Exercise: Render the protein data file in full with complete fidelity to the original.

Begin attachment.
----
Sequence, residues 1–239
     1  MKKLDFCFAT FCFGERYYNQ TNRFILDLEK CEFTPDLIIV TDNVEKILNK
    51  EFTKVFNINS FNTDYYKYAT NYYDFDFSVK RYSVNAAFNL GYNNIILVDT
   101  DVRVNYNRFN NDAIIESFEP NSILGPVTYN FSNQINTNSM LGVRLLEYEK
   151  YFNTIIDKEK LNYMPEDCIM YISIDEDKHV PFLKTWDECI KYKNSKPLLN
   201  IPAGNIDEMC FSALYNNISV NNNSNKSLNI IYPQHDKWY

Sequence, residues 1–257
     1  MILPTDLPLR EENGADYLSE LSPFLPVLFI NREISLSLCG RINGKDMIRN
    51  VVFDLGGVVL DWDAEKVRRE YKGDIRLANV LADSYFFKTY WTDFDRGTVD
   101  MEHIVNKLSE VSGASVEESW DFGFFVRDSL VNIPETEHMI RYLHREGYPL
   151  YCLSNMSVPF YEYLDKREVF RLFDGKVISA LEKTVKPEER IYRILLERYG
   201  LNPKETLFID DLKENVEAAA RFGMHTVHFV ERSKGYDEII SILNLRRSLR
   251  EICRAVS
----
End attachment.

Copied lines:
Sequence, residues 1–239
     1  MKKLDFCFAT FCFGERYYNQ TNRFILDLEK CEFTPDLIIV TDNVEKILNK
    51  EFTKVFNINS FNTDYYKYAT NYYDFDFSVK RYSVNAAFNL GYNNIILVDT
   101  DVRVNYNRFN NDAIIESFEP NSILGPVTYN FSNQINTNSM LGVRLLEYEK
   151  YFNTIIDKEK LNYMPEDCIM YISIDEDKHV PFLKTWDECI KYKNSKPLLN
   201  IPAGNIDEMC FSALYNNISV NNNSNKSLNI IYPQHDKWY

Sequence, residues 1–257
     1  MILPTDLPLR EENGADYLSE LSPFLPVLFI NREISLSLCG RINGKDMIRN
    51  VVFDLGGVVL DWDAEKVRRE YKGDIRLANV LADSYFFKTY WTDFDRGTVD
   101  MEHIVNKLSE VSGASVEESW DFGFFVRDSL VNIPETEHMI RYLHREGYPL
   151  YCLSNMSVPF YEYLDKREVF RLFDGKVISA LEKTVKPEER IYRILLERYG
   201  LNPKETLFID DLKENVEAAA RFGMHTVHFV ERSKGYDEII SILNLRRSLR
   251  EICRAVS